Royal Enfield Classic 500 : Expert Review
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The pros: known for classy old charm and powerful performance, very immediate and precise throttle experience, smooth riding.
The cons: The absence of a fuel gauge and misleading reserve light does confuse the rider, downshifting is quite hard and lots of vibrations.
The crux: Now, the RE comes with modern components and technology, might have taken a long leap with the Classic 500, but they still have a long way to go.
Bullet- a generic name given to every Royal Enfield motorcycle, no matter what their actual name would be, has always been associated with a heroic image bundled with reliability and barn-door technological backwardness. But the one you see in these pictures isn’t a Bullet. Neither by name and nor by the performance and riding ability it offers.
When this ‘Classic’ iteration was introduced into the Indian market few years back, everyone was sceptical about the acceptance of this new-age Royal Enfield. The reasons were very obvious- conventional big bore loud thump was missing, fuel injection came into play and the right-side gear-shifter, for which the Bullets were actually known for years, was also been ditched.
But the Eicher-owned brand understood the progression of modern technologies and brought a complete change to the engine. Modern emission laws, in the domestic as well as in the main export markets, made it increasingly difficult for the venerable old-school engine to stay legal. Therefore an all-new engine featuring fuel injection, five-speed gearbox with a modern change pattern and wet multi-plate clutch came into existence. And with that, Classic range was also born.
The automobile sector might be rushing towards modern & aerodynamic designs, but staying true to its name ‘Classic’ retains its typical old-world charm and surely takes your heart away. At one glance the Classic 500 reminds you of a British classic coming directly from that era.
The right proportion of paint and chrome on that bulky and curvy body, that bazooka exhaust pipe, single sprung seat and negligible decals make this the best-looking Bullet till date.
The halogen powered headlamp inclusive of a chrome lip and set of trademark pilot lamps on either side, mighty fuel tank with the perfectly placed knee rests and chrome mirrors and indicators combine well together to create a true retro machine. The tan color seen in these images looks fantastic and seen not that often on our roads.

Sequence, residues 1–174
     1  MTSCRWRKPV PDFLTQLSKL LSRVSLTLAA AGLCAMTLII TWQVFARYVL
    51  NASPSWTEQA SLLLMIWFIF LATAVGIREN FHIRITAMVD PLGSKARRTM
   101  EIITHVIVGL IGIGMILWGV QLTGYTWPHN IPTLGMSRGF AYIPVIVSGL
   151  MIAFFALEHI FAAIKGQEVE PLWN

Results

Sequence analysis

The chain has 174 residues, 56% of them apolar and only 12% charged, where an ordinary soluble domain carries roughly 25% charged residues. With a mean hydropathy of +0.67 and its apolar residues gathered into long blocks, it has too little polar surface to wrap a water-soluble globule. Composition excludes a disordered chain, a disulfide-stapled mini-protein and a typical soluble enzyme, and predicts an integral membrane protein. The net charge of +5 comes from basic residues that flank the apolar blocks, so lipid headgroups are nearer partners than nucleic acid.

Comfortable! As much you expect from your motorcycle. The riding triangle is meant to cruise, with the best possible ease. and long journeys would never be an issue on this motorcycle. I quite liked the retro aura that the Classic brings upon in maximum aspects.
Keeping upbeat with all the modern machines in terms of quality, the instrument cluster with a large circular speedometer dominating the proceedings completes the feel of riding a British classic. The absence of a fuel gauge and misleading reserve light does confuse the rider though.
The feel of clutch has also improved a lot when compared to earlier RE models. Its light and well in reach and left me very impressed.
Engine & Performance:
With a fuel injection and an integrated gearbox on-board, the single-cylinder, twin-spark 499cc engine pumps out 27.2bhp of raw power along with 41.2 Nm of peak torque. The engine’s character has been retained and the retro feel with its long-stroke cylinder and a heavy flywheel to keep it thumping along smoothly, even at the low revvs.
Throttle response is the best I’ve ever experienced on a Royal Enfield- very immediate and precise. Yes, the 200kg of metal is not suitable for too much to expect, but on the whole- no complains and was happy with it.
The engine is mated to a five-speed constant-mesh gearbox, whose ratios are perfect for city riding. However, the quality of gear-shift is still an issue like the earlier Royal Enfields. They are not precise and slick, it actually should be. It’s a bit clunky and sticky when you need to swiftly step up or down in heavy traffic.
Ride & Handling :
The ride of the Classic is smooth, and its engine feels at home ridden between 80-90kmph, while the scenario starts to feel strained soon thereafter. Like any other Royal Enfield, the 500 is a heavy, solid feeling and stable bike ridden in a straight line, and always feels planted. Downshifting is painful, literally, and can cause a sprain in back due to killing vibrations.
The motorcycle uses conventional telescopic fork front suspension and dual 5-step adjustable gas-charged shock absorbers at the rear, which manages the patchy Indian roads quite well. The reasonably well- 90/90 front and 110/90 rear 18-inch MRF Zappers compliments well to the overall ride.
Braking- an aspect which needs some serious improvement. The motorcycle I tested was less than 1000km run and already the brakes were lousy. The 280mm front disc is considerably good but the rear as well the overall affect was not really enough for stopping such a heavy motorcycle.
The Classic 500 possesses the feel, the character and the road presence that will make you fall in love with it. As close to a classic British motorcycle as it’s possible to get, this RE comes with modern components and technology, yet with the sound, feel and charm of a classic. However, after riding it for a couple of hundred kilometres, I can conclude that the Royal Enfield might have taken a long leap with the Classic 500, but they still have a long way to go.